Tag Archives: roses

A NOD TO NATURE

15 November 2017

The sky is darkening early as another storm approaches from the north. I watch two large roses at the garden gate, their heavy pink heads bowed, yet nodding, as if to say, yes, come what may we will rejoice. I cannot imagine how I would keep my own head up in these turbulent times if it weren’t for nature.

I try to have the courage to be honest when I write, although sometimes my opinion might offend others. While it is not my wish to be offensive, or hurtful, neither is it my way to pretty-up my opinions. They are merely mine, and valuable to me as I hope all of yours are to you. I’m referring in particular to the reaction I received recently from three readers in response to a September post in which I expressed my discontent with New York city, Manhattan in particular.

It’s interesting, isn’t it, how easily we can touch a nerve in another person? We are, all of us, attached to something, or someone, or some place. Yet while it might be okay for us to criticize our own mother, or city, or country, when someone else does so our backs go up immediately in defense. It would seem that each of us is guilty to some degree in the way in which we barely listen to someone else without needing to assert our own opinion as the only one valid. We see this on a large scale now, with regard to how divided so many nations have become: north-v-south, right-v-left, red-v-blue, Brexit-v-Remain and on and on.

I lived in Manhattan from 1994 to 2013 and it just wasn’t my cup of tea. I also lived there during the 70’s and loved it; loved it for its diversity, its grit, its edginess. Sure it was more dangerous then, but it was also more real, more creative. And even though expensive back then, it wasn’t prohibitive. Maybe I’m overly sensitive, (although actually I don’t believe there is such a thing, either you are sensitive or you’re not), but part of what turns me off about cities in general and New York in particular is the enormous, ever-widening divide between the rich and the poor. I find it hard to see past this in order to enjoy the good stuff, of which there is much: museums, entertainment, fine food etc. But I wonder what percentage of people living in New York can actually afford any of those things? To that point I might better be able to appreciate those who leap to the city’s defense if any one of them had not been privileged enough to own homes in the country to which they can regularly escape the city’s relentless energy.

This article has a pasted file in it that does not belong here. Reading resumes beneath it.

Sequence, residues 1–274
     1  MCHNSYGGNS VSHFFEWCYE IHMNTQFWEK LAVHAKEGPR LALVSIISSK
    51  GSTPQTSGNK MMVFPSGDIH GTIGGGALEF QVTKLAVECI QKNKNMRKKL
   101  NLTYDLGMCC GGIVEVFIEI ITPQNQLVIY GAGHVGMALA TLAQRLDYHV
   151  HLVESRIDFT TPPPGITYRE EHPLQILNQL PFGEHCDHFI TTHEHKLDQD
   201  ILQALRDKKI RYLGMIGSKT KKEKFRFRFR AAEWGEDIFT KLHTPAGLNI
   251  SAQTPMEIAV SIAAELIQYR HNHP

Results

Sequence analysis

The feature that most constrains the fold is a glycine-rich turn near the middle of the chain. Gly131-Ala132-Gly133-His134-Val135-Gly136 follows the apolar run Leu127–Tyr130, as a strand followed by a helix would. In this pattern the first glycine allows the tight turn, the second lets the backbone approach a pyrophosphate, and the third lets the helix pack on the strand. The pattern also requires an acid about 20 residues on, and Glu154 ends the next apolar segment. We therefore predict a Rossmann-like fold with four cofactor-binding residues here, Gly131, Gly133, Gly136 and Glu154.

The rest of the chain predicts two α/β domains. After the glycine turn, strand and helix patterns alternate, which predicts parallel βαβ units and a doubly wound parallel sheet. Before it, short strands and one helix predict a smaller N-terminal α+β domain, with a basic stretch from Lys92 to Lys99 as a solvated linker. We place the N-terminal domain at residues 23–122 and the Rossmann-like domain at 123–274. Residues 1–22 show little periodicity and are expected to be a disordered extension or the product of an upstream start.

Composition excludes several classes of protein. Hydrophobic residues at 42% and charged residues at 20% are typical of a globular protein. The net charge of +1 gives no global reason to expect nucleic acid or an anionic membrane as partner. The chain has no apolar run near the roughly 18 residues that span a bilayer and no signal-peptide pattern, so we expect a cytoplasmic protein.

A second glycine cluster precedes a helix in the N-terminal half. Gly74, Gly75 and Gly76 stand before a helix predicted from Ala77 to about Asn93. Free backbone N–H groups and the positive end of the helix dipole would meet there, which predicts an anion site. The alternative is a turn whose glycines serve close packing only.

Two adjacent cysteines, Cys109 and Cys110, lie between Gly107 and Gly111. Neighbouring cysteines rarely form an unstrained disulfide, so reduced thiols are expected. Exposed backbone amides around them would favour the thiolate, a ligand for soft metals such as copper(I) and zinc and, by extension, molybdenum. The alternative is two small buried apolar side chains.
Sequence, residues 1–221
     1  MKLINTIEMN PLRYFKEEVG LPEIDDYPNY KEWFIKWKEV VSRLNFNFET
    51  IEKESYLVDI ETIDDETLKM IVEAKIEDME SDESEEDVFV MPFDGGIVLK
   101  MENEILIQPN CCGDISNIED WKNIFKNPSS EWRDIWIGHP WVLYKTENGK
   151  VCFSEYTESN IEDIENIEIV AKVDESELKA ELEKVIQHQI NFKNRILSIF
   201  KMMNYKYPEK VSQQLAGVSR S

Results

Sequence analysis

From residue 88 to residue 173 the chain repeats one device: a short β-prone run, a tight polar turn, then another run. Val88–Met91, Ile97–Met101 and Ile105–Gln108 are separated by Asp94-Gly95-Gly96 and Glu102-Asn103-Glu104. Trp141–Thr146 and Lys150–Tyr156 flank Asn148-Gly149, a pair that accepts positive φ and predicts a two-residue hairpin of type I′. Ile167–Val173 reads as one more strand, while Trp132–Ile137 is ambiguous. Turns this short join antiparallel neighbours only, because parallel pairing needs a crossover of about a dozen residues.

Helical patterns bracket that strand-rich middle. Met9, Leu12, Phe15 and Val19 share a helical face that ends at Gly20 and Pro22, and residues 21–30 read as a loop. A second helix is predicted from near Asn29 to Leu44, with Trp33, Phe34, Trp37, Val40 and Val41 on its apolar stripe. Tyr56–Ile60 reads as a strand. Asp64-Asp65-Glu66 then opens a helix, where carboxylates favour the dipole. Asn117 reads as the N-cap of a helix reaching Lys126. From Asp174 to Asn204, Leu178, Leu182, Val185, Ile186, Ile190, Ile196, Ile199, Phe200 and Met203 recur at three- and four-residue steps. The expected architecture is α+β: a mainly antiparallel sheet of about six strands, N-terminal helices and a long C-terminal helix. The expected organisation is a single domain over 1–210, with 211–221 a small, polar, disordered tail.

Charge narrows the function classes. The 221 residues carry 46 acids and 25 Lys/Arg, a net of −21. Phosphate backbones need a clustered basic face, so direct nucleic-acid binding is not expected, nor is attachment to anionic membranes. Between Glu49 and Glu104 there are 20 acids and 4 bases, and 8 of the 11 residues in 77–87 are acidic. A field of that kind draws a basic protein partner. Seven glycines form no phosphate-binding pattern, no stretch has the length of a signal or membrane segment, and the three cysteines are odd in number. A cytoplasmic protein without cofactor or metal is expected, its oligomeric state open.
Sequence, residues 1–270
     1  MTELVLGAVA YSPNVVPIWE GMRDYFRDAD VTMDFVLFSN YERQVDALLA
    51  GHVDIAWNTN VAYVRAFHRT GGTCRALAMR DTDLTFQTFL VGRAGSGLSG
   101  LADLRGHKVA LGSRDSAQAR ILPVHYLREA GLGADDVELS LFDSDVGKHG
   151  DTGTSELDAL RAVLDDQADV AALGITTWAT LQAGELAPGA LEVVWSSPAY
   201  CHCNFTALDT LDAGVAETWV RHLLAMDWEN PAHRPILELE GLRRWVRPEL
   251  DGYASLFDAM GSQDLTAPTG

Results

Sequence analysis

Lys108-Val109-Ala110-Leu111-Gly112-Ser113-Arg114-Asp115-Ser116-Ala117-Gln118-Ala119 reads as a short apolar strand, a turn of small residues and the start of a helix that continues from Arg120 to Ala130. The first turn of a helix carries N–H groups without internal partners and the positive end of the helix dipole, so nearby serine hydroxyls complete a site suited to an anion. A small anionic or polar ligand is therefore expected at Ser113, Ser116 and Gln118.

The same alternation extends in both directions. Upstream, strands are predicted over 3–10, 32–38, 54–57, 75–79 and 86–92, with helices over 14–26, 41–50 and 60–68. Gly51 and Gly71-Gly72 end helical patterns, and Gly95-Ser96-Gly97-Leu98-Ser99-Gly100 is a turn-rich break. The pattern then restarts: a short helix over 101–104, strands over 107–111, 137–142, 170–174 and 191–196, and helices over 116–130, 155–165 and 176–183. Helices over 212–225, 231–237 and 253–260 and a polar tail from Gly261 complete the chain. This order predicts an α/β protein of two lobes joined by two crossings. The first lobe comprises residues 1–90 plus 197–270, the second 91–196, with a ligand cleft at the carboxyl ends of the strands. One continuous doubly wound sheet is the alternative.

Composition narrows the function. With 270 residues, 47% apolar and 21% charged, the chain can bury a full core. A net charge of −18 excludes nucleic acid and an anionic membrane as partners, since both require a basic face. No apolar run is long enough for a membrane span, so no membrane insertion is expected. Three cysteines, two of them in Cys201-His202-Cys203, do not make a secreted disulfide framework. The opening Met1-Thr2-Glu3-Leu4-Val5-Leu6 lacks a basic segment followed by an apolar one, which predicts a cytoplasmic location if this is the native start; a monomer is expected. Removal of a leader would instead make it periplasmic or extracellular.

I mean really, how many people who have to take the subway every day see or experience joy? When was the last time the immigrant who delivered your dinner to your home was able to afford a visit to a museum or take his or her kid to a Broadway show? I remember days when I lived in New York when I would look at the teeming humanity on buses, sidewalks, subways and, yes, I would feel deeply connected to everyone; would feel profoundly moved by the fact that every single one of us had the courage to survive another day; each of us doing the best we were capable of. But these last few years what I more often experience is the pain and stress and anxiety etched on those faces, which, coupled with the non-stop roar of sound brings me to my knees. Maybe it’s an age thing for some of us. All I know it that after three and half years of living on a farm nature provides me with more wonder and joy than does New York. That said, I respect and am happy for those of you for whom the city is still a thrill.

There are some truths that none of us wish were so, but the truth is that for now, at least, America and New York have lost their way, and I find that upsetting. We were just in Paris for five days, lucky us. It, too, is an expensive city, yet it is still managing to hold onto some measure of humanity; some measure of what I call right-size. It’s comforting to see its citizens walking along, baguette in hand; to see tiny shops specializing in ancient trades, to catch a whiff of butter on every block.

But even though I find Paris charming I wouldn’t want to live there, anymore than I would want to live permanently in my home city of London. I just don’t need millions of people around me anymore in order to feel alive. A handful will do…along with those two roses at the gate, still nodding as evening falls.

 

With love to you all

Maggie

SEASON TO TASTE

15th May 2016                                SEASON TO TASTE

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One of the many aspects I love about living in Tuscany is the equal division of the seasons. I thought about this again over our Sunday English breakfast this morning, a tradition for us, along with the accompaniment of Vivaldi’s Oboe Concertos. Perhaps only someone living here could have composed The Four Seasons, in which each movement is given equal weight. Here, each season is apportioned 3 months, a measure of time that allows for total immersion into the separate wonders that each season offers.